The Chicago School of Sociology heralded a new age: that of the rise and establishment of sociology as an academic discipline in the US. It also spurred on an intellectual tradition in ethnography that focuses on a wide array of methodological tools and empirical data with a focus on the specificity of place that continues to live on in contemporary urban sociology. Yet, its traditions have also been extensively criticized. Burawoy (2000) is one preeminent scholar, who has denounced the Chicago School as being parochial, ahistorical, and decontextualized from the national and international processes that shape cities. Instead, he calls for a move toward “global ethnography,” one that focuses on “global processes, connections, and imaginations” (Burawoy et al., 2000). Increasingly, US urban sociologists study research sites that are located outside the US and pay attention to how global actors and/or transnational connections influence US dynamics. Given this trend, what, if any lessons can global and urban sociologists take away from the Chicago School? In this chapter, I highlight three such lessons: (1) the global is central to city life; (2) rooting our work in the specificities of place helps extend and build theory; and (3) the School still provides useful conceptual and methodological tools to study the global. In doing so, I argue that scholars should recognize the plurality of approaches to global ethnography and how each approach can further our understanding of how the global shapes social life.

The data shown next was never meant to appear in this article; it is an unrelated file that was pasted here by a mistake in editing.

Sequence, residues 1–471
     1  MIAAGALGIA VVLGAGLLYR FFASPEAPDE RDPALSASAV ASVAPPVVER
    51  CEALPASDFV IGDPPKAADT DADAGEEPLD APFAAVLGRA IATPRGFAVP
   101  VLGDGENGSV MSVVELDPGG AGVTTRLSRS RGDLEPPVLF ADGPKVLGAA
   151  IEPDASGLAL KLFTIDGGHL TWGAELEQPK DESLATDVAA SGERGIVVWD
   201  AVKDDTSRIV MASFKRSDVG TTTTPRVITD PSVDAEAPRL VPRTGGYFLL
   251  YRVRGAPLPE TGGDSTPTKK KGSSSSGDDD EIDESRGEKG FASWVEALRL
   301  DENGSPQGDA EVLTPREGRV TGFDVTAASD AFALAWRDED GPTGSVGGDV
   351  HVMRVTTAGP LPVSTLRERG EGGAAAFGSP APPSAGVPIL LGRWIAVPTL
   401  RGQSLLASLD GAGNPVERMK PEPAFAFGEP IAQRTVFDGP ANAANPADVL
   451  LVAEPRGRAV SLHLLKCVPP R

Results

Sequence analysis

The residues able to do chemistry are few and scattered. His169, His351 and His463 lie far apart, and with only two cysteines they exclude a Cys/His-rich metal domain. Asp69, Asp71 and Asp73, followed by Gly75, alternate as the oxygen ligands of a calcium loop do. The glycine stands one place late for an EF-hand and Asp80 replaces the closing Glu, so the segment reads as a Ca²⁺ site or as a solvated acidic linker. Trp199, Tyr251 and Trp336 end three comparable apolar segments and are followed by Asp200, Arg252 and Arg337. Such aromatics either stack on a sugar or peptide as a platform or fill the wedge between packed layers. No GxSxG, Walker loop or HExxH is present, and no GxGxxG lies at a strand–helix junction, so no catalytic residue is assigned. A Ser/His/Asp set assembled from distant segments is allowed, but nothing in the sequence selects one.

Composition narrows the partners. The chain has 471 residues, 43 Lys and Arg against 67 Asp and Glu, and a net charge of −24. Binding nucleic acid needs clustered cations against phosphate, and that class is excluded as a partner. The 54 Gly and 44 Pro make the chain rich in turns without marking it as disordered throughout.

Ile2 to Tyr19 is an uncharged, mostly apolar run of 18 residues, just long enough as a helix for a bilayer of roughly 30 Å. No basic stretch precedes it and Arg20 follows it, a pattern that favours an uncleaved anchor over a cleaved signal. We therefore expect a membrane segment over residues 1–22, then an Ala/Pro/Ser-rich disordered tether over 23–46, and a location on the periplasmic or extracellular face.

I thank Richard E. Ocejo for inviting me to contribute to this volume and his helpful suggestions and insights, particularly in thinking about how we only know those Chicago School ethnographies that are published and cannot have a more complete understanding of the School until researchers uncover and examine its unpublished work. I also thank Randol Contreras for his helpful feedback, including raising questions about strawmen I created and pointing out the critiques that Abbott misses, in an earlier draft of this chapter. I also thank Erin Johnston and Joanne W. Golann for their comments on early sketching of this chapter. Finally, I thank Mitchell Duneier for introducing me to The Taxi-dance Hall in my early years as a graduate student.
Reyes, V. (2019), "Global Ethnography: Lessons from the Chicago School", Urban Ethnography (Research in Urban Sociology, Vol. 16), Emerald Publishing Limited, Bingley, pp. 31-49. https://doi.org/10.1108/S1047-004220190000016003
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